result=$(($RANDOM%$range+$min))
echo $result
The min
and max
variables specify the minimum and maximum values of the range. The range
variable calculates the size of the range by subtracting the minimum value from the maximum value and adding 1. The result
variable generates a random number by using the modulo operator with the range and adding the minimum value. The result will be a random integer between 1 and 6.
Conclusion
Generating random numbers is a common task in programming, including Bash scripting. Bash provides two methods of generating random numbers: pseudorandom and real random. Pseudorandom numbers are generated by an algorithm, while real random numbers come from unpredictable sources. The RNG utility in Bash can generate real random numbers, while the $RANDOM variable generates pseudorandom numbers. You can also generate random numbers within a specific range by using the modulo operator and adding the minimum value.
Generating Random Numbers in Bash
Random number generation is a crucial part of many programming tasks, including simulations, games, and cryptography. In Bash, you can generate random numbers in several ways, as discussed earlier. The most common way is by using the $RANDOM variable, which produces pseudorandom numbers between 0 and 32767.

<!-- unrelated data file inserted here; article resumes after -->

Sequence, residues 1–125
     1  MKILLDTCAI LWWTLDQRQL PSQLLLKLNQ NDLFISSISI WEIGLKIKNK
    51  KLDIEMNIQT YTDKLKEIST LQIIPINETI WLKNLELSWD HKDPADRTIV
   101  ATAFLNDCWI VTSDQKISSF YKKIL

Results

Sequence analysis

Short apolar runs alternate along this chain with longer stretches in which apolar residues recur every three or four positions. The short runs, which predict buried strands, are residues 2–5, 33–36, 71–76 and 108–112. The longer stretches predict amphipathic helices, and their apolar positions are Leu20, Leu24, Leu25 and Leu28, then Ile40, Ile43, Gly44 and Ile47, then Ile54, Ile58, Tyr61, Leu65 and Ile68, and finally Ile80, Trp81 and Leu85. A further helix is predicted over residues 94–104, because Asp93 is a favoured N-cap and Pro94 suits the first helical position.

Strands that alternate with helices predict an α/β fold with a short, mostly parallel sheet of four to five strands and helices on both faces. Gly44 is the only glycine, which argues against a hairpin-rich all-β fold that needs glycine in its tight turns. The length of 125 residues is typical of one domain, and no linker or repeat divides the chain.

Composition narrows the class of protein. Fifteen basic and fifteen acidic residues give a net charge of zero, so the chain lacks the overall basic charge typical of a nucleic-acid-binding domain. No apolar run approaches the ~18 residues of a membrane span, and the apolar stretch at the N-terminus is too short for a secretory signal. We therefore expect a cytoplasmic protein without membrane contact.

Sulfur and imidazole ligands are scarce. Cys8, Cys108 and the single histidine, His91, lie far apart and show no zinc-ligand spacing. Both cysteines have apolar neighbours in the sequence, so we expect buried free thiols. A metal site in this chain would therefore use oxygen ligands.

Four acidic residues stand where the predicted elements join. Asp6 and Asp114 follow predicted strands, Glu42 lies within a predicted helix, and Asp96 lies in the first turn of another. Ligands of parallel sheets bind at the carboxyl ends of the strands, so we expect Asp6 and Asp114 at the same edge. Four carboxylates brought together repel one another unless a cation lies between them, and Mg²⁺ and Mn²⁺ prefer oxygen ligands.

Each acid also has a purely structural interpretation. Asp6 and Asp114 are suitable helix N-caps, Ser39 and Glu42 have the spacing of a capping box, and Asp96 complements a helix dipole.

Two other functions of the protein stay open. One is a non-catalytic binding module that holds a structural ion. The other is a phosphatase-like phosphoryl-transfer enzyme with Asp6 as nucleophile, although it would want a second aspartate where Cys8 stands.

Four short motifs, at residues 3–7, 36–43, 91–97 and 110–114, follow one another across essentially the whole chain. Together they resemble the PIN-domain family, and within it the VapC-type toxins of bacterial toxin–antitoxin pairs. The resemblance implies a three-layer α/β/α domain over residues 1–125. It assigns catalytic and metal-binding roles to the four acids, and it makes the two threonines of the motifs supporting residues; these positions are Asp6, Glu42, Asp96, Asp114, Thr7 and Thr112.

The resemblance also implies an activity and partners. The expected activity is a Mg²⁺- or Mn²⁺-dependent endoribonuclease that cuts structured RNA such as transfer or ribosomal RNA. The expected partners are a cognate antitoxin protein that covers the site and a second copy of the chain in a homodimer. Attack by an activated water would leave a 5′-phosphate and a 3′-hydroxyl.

In addition to the $RANDOM variable, you can use the RNG utility to generate real random numbers based on physical sources of entropy such as atmospheric noise. The RNG utility reads data from the /dev/random file and processes it to generate a random number.
The /dev/random file is considered to be a source of true randomness and more secure than the $RANDOM variable. However, the downside of using /dev/random is that it may block if it runs out of the entropy pool. To prevent this, you can use the /dev/urandom file, which generates pseudorandom numbers based on the same data sources as /dev/random and never blocks.
Generating Random Numbers in a Range
Generating random numbers within a specific range is also a common requirement, as discussed earlier. One way to do this is by using the modulo operator with the range's size and adding the minimum value to the result. This method ensures that the random number falls within the specified range.
Another way to generate random numbers within a range is by using the shuf command. The shuf command randomly shuffles input lines and outputs them to the standard output. You can generate a list of numbers within a range and then use the shuf command to shuffle the list and select a random number from it.
Code Example:
The following code generates a random number between 1 and 6 using the shuf command:
#!/bin/bash
seq 1 6  shuf n 1
The seq
command generates a list of numbers from 1 to 6, and the shuf
command shuffles the list and selects one number from it.